skip navigation


Register for Latest Research

Stay Informed
Register with NCJRS to receive NCJRS's biweekly e-newsletter JUSTINFO and additional periodic emails from NCJRS and the NCJRS federal sponsors that highlight the latest research published or sponsored by the Office of Justice Programs.

NCJRS Abstract

The document referenced below is part of the NCJRS Virtual Library collection. To conduct further searches of the collection, visit the Virtual Library. See the Obtain Documents page for direction on how to access resources online, via mail, through interlibrary loans, or in a local library.


NCJ Number: 156587 Find in a Library
Title: Against the Legalization of Drugs
Journal: Commentary  Dated:(February 1990)  Pages:21-28
Author(s): J Q Wilson
Date Published: 1990
Page Count: 8
Type: Legislation/Policy Analysis
Format: Article
Language: English
Country: United States of America
Annotation: Drug legalization is examined with respect to past and current arguments on each side; the analysis concludes that legalization would probably result in a sharp increase in the use of cocaine, heroin, and PCP; a more widespread degradation of the human personality; and a greater rate of accidents and violence.
Abstract: In 1972, economist Milton Friedman called for legalizing heroin on the basis of both ethics and economics. The government did not follow this advice, and the number of heroin addicts is the same as it was then due to heroin's loss of appeal for young people. Legalizing heroin would have eliminated both financial and medical reasons to avoid the drug. Cocaine and crack are currently the focus of attention, and some people are advocating legalization. If this occurs, we will have a far more serious problem with cocaine. Supporters of legalization use both logical fallacies and factual errors. Others argue that current Federal policies have failed. However, high-rate cocaine use is uncommon. In addition, an analogy with tobacco is inappropriate; tobacco shortens life, but cocaine debases it. Treatment on demand is also an ineffective solution due to the realities that addicts often do not seek treatment and that effective treatment is not available.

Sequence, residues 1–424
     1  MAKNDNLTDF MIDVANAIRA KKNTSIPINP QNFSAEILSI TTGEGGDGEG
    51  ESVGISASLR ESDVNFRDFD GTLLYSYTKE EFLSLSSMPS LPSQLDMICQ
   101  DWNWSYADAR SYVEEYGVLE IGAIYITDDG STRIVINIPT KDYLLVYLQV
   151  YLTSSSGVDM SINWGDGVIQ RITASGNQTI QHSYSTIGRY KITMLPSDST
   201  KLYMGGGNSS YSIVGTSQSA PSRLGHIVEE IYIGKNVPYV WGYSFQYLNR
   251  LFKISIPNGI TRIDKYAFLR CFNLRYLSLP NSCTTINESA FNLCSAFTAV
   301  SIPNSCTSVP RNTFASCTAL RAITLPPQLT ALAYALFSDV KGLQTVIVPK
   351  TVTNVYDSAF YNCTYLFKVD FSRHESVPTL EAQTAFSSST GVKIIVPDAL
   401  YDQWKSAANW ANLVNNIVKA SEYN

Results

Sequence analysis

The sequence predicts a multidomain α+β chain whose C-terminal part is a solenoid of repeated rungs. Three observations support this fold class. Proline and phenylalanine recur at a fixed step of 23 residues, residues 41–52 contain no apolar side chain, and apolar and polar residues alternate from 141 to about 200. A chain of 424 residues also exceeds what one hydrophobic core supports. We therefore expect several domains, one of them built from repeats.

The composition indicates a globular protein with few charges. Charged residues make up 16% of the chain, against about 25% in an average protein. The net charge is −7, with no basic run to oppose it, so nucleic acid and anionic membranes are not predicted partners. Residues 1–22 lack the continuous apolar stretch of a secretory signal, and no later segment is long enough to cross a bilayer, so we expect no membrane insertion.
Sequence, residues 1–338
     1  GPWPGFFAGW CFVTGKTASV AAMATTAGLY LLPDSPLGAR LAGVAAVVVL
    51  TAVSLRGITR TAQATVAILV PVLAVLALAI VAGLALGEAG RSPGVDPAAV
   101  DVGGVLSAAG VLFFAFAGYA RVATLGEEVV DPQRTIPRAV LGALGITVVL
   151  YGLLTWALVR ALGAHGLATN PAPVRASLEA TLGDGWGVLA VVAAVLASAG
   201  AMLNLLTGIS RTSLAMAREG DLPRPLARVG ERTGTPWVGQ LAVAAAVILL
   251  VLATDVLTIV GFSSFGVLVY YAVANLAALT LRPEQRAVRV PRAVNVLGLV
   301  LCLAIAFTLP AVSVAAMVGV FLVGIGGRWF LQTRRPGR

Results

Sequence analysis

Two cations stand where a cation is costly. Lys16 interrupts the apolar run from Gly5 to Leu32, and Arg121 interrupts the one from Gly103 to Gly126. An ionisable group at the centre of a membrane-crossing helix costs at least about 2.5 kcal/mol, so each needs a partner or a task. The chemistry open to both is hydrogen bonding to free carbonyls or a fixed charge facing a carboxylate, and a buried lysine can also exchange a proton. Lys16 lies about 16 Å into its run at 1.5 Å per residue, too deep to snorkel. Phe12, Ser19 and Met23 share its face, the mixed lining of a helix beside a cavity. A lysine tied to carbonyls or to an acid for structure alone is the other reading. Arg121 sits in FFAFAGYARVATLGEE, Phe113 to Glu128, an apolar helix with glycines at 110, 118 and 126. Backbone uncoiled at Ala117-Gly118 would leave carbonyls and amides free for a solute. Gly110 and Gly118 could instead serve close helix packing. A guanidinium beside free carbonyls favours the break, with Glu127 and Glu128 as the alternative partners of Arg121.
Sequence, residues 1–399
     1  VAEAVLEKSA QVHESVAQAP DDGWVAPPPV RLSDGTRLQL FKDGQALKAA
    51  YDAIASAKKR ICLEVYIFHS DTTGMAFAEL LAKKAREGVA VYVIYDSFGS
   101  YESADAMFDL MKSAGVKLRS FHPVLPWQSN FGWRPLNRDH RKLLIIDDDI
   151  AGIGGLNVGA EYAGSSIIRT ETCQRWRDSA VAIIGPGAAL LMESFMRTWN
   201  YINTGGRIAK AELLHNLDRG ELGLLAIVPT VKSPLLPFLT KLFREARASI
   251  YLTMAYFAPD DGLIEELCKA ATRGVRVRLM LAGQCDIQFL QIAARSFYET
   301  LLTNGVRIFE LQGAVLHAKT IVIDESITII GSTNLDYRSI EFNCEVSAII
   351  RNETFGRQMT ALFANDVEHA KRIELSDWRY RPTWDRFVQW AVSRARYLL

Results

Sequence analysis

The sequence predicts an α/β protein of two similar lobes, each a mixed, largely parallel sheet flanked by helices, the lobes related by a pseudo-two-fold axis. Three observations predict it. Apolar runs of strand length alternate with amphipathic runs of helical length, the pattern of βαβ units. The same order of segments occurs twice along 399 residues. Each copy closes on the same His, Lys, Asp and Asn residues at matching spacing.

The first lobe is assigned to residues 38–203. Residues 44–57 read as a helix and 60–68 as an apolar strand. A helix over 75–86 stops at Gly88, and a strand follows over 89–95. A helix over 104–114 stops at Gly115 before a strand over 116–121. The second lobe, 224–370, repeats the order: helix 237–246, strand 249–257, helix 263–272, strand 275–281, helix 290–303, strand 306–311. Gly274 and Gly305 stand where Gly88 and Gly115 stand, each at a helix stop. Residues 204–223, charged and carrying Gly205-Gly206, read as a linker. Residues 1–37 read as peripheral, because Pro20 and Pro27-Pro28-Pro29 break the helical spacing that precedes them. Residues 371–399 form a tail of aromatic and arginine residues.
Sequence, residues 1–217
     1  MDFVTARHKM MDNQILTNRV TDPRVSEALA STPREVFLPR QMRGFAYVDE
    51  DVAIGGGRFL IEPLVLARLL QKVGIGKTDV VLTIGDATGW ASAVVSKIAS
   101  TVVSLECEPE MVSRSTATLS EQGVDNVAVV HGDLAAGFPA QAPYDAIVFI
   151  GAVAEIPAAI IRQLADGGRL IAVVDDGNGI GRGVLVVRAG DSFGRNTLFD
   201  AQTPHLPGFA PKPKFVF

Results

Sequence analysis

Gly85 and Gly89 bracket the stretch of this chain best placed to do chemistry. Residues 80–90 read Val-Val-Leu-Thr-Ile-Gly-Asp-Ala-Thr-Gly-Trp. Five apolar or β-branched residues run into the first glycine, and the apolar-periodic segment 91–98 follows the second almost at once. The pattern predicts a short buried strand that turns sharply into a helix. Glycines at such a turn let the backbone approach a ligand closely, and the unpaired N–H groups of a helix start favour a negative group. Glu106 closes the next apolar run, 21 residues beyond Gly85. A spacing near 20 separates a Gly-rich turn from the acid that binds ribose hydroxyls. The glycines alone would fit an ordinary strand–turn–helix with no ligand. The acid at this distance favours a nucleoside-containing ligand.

Main Term(s): Drug legalization
Index Term(s): Drug Policy
Note: DCC
To cite this abstract, use the following link:

*A link to the full-text document is provided whenever possible. For documents not available online, a link to the publisher's website is provided. Tell us how you use the NCJRS Library and Abstracts Database - send us your feedback.